I called him on a Monday morning. His business card read ‘Felix’s shoes repairs’ in block writing, under a picture of a boot and a high heeled shoe.
‘Hello?’ he said. ‘Hello?’
I could hear Russian music playing on the radio in the background. I told him my name and he did not remember me. I told him my mother’s name and he did not remember her. The Russian music played on. I persisted.
‘Ah, yes!’ he finally said. ‘Not today.’
‘That’s fine,’ I continued, ‘just if there was another day I could interview you, maybe next week…’
Eventually we settled on next Saturday morning.
I first met Felix when I was nine years old. I interviewed him for a school project about migrants. His store was around the corner from the terrace house we lived in in those days, and my mother would visit him regularly for repairs. She liked being a regular at places, perhaps trying to draw upon some sense of community she had lost leaving her country town. My mother told me Felix had made shoes in Russia for the KGB. I didn’t know what the KGB meant, seeing him simply as the man with the accent who gave me Milky Ways.
I visited him last month for the first time in years, with my mother. He had fixed my leather bag, the one I bought in Greece. He was exactly as I remembered. In the centre of the room was his wonky cabinet of shoes and he stood before it at the counter, in paint-splattered overalls and a hat that would have looked hip on a long-haired teenage boy. He remembered me. I was taller now, and more self-conscious, but all at once it was a dozen years ago and I was a little girl in a musty room, surrounded by the smell of shoe polish and shadows.
‘I remember!’ he yelled. ‘She came in, she is little girl.’
He demonstrated this by waving his hand down below his waist.
‘And now,’ he announced, without pause for breath, ‘this is thirteen years ago, I remember, thirteen years. She is how old?’
My mother’s sudden laugh echoed in the small space. ‘Twenty-three!’ A pause. ‘So she was nine then.’
‘Nine!’ Felix speaks everything like a prayer. ‘Only nine. And we talk. And now my grandson is ten years old.’
‘Yes!’ exclaimed his wife, sitting by the sewing machine. Thread dangling from her lips, she cried out, ‘he is ten!’ She seemed delighted by this fact, as if the passing of time is something remarkable, special, something to be remembered and creased over.
‘Twenty years this shop…’ Felix looked around proudly at his cosy little space. ‘Twenty years,’ he repeated, shaking his head.
On Saturday morning I arrived to find a child standing at the counter. His head reached just above the counter top. Felix gave him a shoe horn. ‘I can use it as a slide!’ the child exclaimed. His father laughed. I watched on with a strange feeling of resentment.
Felix ushered me to a Nescafé machine in the back of his shop. ‘Ten years I have had that coffee machine,’ he told me. He seems to measure everything against the formidability of time. Ten years, and still the same machine. No easy feat − so many things break, or are replaced.
We sat together by the shopfront window, holding our paper cups. I felt strangely safe there, like the feeling you get in a warm place on a cold day. He took my sheet of questions and began.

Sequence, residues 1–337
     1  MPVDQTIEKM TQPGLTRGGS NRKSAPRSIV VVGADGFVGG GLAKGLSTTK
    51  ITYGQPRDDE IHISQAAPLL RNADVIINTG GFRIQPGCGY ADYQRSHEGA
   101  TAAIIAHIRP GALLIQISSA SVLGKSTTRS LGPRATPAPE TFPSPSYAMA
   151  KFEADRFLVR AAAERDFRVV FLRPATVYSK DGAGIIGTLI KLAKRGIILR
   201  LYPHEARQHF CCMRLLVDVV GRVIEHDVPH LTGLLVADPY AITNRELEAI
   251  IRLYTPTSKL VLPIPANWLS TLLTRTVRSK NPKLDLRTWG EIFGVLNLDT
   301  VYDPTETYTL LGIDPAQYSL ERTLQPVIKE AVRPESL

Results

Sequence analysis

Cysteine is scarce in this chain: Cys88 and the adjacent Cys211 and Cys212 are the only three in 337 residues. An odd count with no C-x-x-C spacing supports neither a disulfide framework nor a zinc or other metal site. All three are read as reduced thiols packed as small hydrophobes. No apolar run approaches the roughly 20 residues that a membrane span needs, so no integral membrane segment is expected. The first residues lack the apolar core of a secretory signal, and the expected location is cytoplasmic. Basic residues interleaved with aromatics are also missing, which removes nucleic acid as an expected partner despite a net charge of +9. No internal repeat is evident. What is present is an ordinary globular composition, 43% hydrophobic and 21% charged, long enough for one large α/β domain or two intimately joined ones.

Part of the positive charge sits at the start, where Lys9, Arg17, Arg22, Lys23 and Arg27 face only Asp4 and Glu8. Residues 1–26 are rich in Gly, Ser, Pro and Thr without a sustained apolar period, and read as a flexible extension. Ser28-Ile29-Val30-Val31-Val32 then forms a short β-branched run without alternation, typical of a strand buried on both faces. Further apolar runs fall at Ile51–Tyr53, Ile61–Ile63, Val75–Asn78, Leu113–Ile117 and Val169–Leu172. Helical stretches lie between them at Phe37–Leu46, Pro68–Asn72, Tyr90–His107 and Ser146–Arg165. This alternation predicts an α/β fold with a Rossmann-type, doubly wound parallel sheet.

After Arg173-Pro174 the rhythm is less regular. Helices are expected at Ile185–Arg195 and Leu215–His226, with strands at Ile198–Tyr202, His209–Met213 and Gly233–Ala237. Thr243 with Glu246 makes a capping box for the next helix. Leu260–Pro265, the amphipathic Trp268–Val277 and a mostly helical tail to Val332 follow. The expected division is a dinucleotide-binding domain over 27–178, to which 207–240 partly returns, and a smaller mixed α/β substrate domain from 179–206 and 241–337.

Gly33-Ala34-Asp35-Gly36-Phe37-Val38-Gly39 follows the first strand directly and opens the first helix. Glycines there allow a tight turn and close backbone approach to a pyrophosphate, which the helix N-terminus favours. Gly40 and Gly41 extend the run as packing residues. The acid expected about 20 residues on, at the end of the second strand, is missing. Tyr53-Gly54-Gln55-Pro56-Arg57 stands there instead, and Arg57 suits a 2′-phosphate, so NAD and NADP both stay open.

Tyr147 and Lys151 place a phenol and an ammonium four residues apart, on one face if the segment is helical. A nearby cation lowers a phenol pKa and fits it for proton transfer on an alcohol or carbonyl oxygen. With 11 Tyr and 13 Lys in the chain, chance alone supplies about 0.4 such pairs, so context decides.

Felix was from Leningrad. In 1994, after the Soviet Union crumbled, he and his wife decided it was time to leave. Since the collapse of communism, everyone was losing their jobs and society was changing in a way he did not like. He referred to the old regime as ‘military capitalism, with big guns’. I hadn't heard Gorbachev's reforms discussed this way, nor the Soviet Union reminisced about so fondly. But then, the only other Russian I’d spoken to was a strange young man at a bar in the CBD who kept yelling about ‘our wonderful leader, Vladimir Putin’.
Felix’s family were the last Russians to be granted an Australian visa under Paul Keating’s leadership. In 1995, they arrived in Melbourne, not to return to Russia for eighteen years.
As we spoke, customers came in and handed Felix their shoes in need of repair, and he would smile and give them Milky Ways from the drawer. They all seemed to have a special relationship with him. ‘Shoes are all I know,’ he told me at one point. Standing up, he said humbly, ‘I know everything with shoes.’ Felix started picking pairs up and showing them to me, explaining the intricacies of each lining, each sole.
We walked behind the counter and looked at piles of shoes together in silence, all lined up in rows. He showed me certificates for qualifications in shoe production and shoe engineering from the 1960s, for four and five years respectively. I imagined him spending nine years studying shoe production in Russia, and wondered if people have this knowledge anymore.
Before leaving, I shyly asked if he was happy here and he smiled. ‘When you are young ... I explain with Russian phrase: when you are young, you see the world in pink colour.’ Maybe the Russia of his youth really was better than what it has become today, or maybe he didn’t see the cracks. He didn’t explain what changes when you grow old, but I could guess.
In September, his shop will have been here for twenty years. He has built a life and a home in Melbourne: ‘My parents are buried here. My family is here. My shop is here. My daughter is here.’ Felix is happy just to sit in his shop, miles from Saint Petersburg, mending shoes and belts and bags, weaving days, and weeks, and years.
Before I leave on that crisp morning, he gives me a Milky Way. I eat it on the way home, and it tastes just like it used to.
Caitlin Cassidy is a freelance writer and Masters student in Global Media at the University of Melbourne. She works at Readings.